by Mehran Baharlı
A Turkic tribe in Persia and Anatolia. It was one of the 24 original Oghuz tribes (Houtsma, p. 225). For discussions of its etymology, see Theodor Houtsma (ibid) and Paul Pelliot (Pelliot, pp. 194-95). Like other tribes that migrated to the Middle East in Saljuqid times, it has become widely scattered.
A group of Igdir settled down in northeastern Persia, and joined the Yomut tribal confederacy. Its population was estimated at 300 families by Charles Edward Yate (Yate, p. 280), and at 700 families by Henry Field (Field, p. 221). These Igdir live around Gonbad-e Qabus and the ruins of the old city of Jurjan, some 95 kilometers northeast of Astarabad (ibid). Because of their distance from any center of governmental authority, they were among the "wildest and most independent" of the Yomut tribes and they paid no revenue to the Persian state during the nineteenth century (Yate, p. 252). Today, there is still a village by the name of Igdir, 12 kilometers south of Gonbad-e Qabus (Razmara, Farhang II, p. 34).
Another group of Igdir made its way to Anatolia. In the sixteenth century, there were as many as 43 villages and other localities by that name there (Sümer, p. 356). In the district of Tarsus, there was an Igdir oba (clan) among the Gökçelü. In the environs of Adana, there were two small oymak (tribes) by that name. Many Igdir also settled down around Kari-Taş, Gülnar and Mut, in the district of Iµç-Ëµl. Some of these joined the Boz-Dog¡an, who lived in the vicinity of Koç-Hisar, in Central Anatolia (ibid, pp. 356-57). Today, there are still 19 Igdir toponyms in Turkey (in the following villayets: İçel, Denizli, Malatya, Kars, Eskişehir, Tokat, Gümüşhane, Bursa, Ankara, Çankiri, Kastamonu, Samsun, and Ordu; see Gazetteer of Turkey I, p. 687). In the Iranian Western Azerbaijan , near the Turkish frontier, there is also a village named Igdir, 14 kilometers southeast of Urmiya (Razmara, Farhang IV, p. 65).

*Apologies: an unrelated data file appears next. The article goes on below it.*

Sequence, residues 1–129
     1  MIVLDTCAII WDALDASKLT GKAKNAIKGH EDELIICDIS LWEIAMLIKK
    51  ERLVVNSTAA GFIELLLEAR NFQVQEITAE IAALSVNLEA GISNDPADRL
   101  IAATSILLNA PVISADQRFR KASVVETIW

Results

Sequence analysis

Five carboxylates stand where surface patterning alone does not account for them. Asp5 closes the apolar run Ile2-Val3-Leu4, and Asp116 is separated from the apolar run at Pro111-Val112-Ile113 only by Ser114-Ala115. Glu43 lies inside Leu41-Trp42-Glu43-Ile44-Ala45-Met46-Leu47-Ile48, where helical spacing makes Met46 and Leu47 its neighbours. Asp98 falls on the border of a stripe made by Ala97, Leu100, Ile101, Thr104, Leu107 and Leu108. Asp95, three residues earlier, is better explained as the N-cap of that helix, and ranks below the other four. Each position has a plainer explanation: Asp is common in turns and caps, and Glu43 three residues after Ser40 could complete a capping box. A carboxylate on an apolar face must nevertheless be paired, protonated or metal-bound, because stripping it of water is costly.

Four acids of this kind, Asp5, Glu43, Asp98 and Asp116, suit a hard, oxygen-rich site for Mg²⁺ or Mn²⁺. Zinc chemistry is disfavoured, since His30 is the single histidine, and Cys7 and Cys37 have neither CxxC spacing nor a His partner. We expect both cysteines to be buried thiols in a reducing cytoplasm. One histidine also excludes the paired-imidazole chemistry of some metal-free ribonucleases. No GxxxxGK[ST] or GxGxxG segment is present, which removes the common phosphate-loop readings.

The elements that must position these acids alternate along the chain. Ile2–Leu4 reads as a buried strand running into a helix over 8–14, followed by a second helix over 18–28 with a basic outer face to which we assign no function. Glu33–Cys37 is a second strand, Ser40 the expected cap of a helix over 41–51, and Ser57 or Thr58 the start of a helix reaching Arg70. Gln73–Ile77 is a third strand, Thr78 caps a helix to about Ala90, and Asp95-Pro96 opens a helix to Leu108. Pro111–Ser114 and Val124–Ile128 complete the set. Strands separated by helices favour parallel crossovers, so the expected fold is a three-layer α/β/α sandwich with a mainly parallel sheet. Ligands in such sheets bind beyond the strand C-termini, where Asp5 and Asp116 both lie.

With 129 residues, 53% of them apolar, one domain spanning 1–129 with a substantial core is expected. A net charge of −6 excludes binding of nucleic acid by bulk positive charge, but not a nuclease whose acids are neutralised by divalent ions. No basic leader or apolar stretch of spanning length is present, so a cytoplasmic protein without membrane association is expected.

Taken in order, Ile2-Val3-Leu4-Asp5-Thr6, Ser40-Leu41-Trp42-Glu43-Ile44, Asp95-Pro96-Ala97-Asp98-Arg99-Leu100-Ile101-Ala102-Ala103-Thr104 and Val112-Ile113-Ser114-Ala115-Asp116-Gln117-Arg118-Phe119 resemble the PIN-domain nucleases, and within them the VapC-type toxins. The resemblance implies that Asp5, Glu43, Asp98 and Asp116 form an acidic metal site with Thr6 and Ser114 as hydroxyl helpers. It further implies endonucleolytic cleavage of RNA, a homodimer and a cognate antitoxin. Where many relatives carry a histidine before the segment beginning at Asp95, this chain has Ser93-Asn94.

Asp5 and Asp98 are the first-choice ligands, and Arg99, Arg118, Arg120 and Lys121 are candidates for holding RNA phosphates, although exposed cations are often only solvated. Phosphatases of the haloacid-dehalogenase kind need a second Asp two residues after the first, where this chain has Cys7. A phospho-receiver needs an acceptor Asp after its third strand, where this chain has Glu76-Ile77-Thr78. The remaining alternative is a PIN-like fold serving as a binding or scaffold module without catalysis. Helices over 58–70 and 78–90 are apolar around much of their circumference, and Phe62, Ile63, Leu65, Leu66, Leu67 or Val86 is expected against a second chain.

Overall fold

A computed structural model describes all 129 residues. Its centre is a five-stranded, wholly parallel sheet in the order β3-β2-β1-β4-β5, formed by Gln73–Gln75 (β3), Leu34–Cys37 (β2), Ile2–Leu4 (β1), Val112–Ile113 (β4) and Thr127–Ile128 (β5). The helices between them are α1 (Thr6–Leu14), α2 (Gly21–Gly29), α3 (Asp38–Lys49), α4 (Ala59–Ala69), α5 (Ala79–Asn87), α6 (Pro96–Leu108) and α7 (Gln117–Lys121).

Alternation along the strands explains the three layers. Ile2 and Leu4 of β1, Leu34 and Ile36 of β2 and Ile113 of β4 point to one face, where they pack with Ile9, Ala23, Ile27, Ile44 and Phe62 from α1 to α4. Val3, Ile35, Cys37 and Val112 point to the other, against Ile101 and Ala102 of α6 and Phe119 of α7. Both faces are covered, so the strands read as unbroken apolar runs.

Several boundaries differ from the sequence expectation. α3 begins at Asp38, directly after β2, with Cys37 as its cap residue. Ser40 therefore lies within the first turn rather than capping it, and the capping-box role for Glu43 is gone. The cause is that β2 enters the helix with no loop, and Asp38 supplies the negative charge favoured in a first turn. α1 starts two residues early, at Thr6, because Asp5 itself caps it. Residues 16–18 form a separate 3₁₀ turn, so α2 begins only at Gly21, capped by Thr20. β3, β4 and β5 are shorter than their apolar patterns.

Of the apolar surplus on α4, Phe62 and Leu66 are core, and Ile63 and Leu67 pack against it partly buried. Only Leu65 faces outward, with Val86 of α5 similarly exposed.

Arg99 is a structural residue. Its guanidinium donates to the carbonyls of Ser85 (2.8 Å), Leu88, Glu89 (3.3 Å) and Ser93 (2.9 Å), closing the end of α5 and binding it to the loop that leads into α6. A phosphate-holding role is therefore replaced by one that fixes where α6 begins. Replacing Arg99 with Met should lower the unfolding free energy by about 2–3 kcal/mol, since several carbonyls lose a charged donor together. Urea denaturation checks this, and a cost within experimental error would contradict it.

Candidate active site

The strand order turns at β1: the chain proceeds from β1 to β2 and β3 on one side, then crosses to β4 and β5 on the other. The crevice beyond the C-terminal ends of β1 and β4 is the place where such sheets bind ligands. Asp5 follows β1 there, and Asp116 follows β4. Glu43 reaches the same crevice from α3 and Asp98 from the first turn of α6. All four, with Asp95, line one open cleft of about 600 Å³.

A third group of Igdir forms a tira (clan) of the ¿Amala tribe of the Qashqai tribal confederacy in Fars. In 1958, it comprised some 400 families (Pierre Oberling, The Qashqai Nomads of Fars, p. 225). Like other ¿Amala clans, it probably came to Fars after spending some time in northwestern Persia.
Bibliography: Keith Edward Abbott, Cities and Trade: Consul Abbott on the Economy and Society of Iran, 1847-1866, ed. A. Amanat, London, 1983; C. Burgett, M. Rockmore, and G. Quinting, Gazetteer of Turkey, 2nd ed, Washington, D.C., 1984. Henry Field, Contributions to the Anthropology of Iran, Chicago, 1939. Theodor Houtsma, "Die Ghuzenstämme," WZKM 2, 1888, pp. 219-33. Gunnar Jarring, On the Distribution of Turk tribes in Afghanistan, Lund, 1939. G. C. Napier, "Extract from a Tour in Khorassan and Notes on the Eastern Alburz Tract," JRGS 46, 1876, pp. 62-171. Pierre Oberling, The Qashqa@÷i Nomads of Fa@rs, The Hague, 1974. Paul Pelliot, Notes sur l'histoire de la Horde d'Or suivies de quelques noms turcs d'hommes et de peuples finissant en "ar," Paris, 1949. Faruk Sümer, Og¡uzlar, 2nd ed., Ankara, 1972. Charles Edward Yate, Khurasan and Sistan, Edinburgh, 1900.
20 August 2003